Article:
## Active Caring, a how-to

I’ve given the book talk (by other names) a few times now, and I’m noticing some patterns of what’s really resonating. One small, but significant piece that’s fostering conversation is a section around Active Caring vs. Passive Caring. I’ve blogged a bit about this in the past, so feel free to check out those posts. There appears to be an appetite for this conversation to occur in schools. Feel free to use this chart as a starter set of active caring action moves.

One question that comes up is, “How do I find time to display active caring to each and every student?” A secondary teacher may have well over a hundred students a day, segmented into blocks of time possibly as low as 45 minutes. How is a teacher supposed to show active caring to every student every day?

The short answer is: you probably can’t. Let’s be real honest. If you have a tight schedule and a large student load it’s challenging, bordering on impossible, to take time out for every student every day. It’s a simple math problem: if a teacher has, say, 120 students and five classes of 50 minutes (250 minutes total), you can spend about two minutes per kid before even getting into the day’s lesson.

Rather than throwing up our hands and saying we can’t do it, I’d propose the opposite: we need to be structured, methodical, and intentional with our actions around active caring. Here are three suggestions for tackling this math problem.

1. Make a list.

Print out a class roster and with days of the week and record when you’ve had an interaction you’d classify as one of active caring. If you have a good memory, you could even do this at the end of the day or after a hald-a-day. Try to get around a quarter of your students every class period. That way, by the end of Thursday, you can see which students you have yet to have an active caring interaction with and you can make sure to be intentional on Friday. Keep yourself accountable to showing each student active caring no fewer than once a week.

2. Build in structured personal check-in time.

As students are working, build in, say, five to ten minutes where you are not answering questions about the assignment, but are rather floating and checking in with students. Be disciplined about it. Set a timer if you need to. Depending on the length of your class period and the way your day’s lesson is structured, consider whether you want to block off this time toward the beginning, middle, or end of the class period (or possibly bookending the class period).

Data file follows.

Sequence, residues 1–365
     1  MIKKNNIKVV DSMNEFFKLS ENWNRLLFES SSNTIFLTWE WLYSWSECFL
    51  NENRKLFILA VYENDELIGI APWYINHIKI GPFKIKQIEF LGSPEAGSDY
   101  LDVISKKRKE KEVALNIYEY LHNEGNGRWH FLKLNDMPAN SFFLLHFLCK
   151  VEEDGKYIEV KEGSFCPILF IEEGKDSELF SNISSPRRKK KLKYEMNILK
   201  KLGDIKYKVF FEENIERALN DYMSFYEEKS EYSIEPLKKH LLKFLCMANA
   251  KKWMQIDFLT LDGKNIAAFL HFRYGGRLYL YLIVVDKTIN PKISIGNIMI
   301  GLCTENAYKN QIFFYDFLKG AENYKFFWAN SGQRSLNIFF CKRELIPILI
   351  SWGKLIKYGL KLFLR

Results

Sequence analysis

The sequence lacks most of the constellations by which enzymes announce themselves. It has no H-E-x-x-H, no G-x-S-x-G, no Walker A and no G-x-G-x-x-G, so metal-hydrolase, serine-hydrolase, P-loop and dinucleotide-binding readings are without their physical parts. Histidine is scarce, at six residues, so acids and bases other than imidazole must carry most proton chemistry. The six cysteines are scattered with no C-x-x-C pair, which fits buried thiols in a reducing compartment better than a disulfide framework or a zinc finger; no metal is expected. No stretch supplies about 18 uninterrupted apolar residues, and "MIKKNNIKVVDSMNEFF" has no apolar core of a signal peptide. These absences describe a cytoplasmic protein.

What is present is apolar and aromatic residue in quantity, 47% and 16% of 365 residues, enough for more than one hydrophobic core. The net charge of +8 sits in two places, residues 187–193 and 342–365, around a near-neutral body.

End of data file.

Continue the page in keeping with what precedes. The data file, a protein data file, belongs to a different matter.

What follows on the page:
3. Work as a staff or grade level team to identify personal connections

I’ve seen a few staff, department or grade level teams do this.

Print out the name of every student and place them on the wall around the room. Teachers place a sticky dot by every student they have a personal connection with. Look for patterns and anything (or anyone) that stands out. This can help a school know which students might not be receiving the level of care that we’d hope. It can prevent students from falling through the “care gap.”

What are some of your strategies for ensuring you are demonstrating active care for all students?

## Mathematical play, but, like, for older kids

Chris and Melissa gave a great talk on the importance of mathematical play at NCTM-Seattle last week. You can see their Math-on-a-Stick work on their website. There you can see pictures and examples and of children enjoying and playing with math in interesting and delightful ways. One of my many takeaways from their keynote was that play is math and math is play. In their talk, they referenced research that lays out seven attributes of play. Play (a) is purposeless, (b) is voluntary, (c) is inherently attracting, (d) involves freedom from time, (e) involves a diminished consciousness of self, (f) has possibility for improvisation, and (g) produces the desire to continue.

When I saw the mics set up I A) assumed there were going to be questions and B) just knew one of the questions was going to be “but what about older kids?” Sure enough, there was a question about how adolescents might play with math. The premise – which I kind of (but not entirely) disagree with – was that older kids wouldn’t be engaged by things like pattern machines, tiling turtles, and Truchet tiles. Chris and Melissa gave good answers about the age band of the kids of math-on-a-stick and spoke to the non-zero amount of older kids, but I’d like to offer a few examples of older kids playing with math. Unfortunately, I didn’t take as much time playing with math as I should have as a teacher. So I’ll share a few ways I and my kids play with math as regular ol’ humans.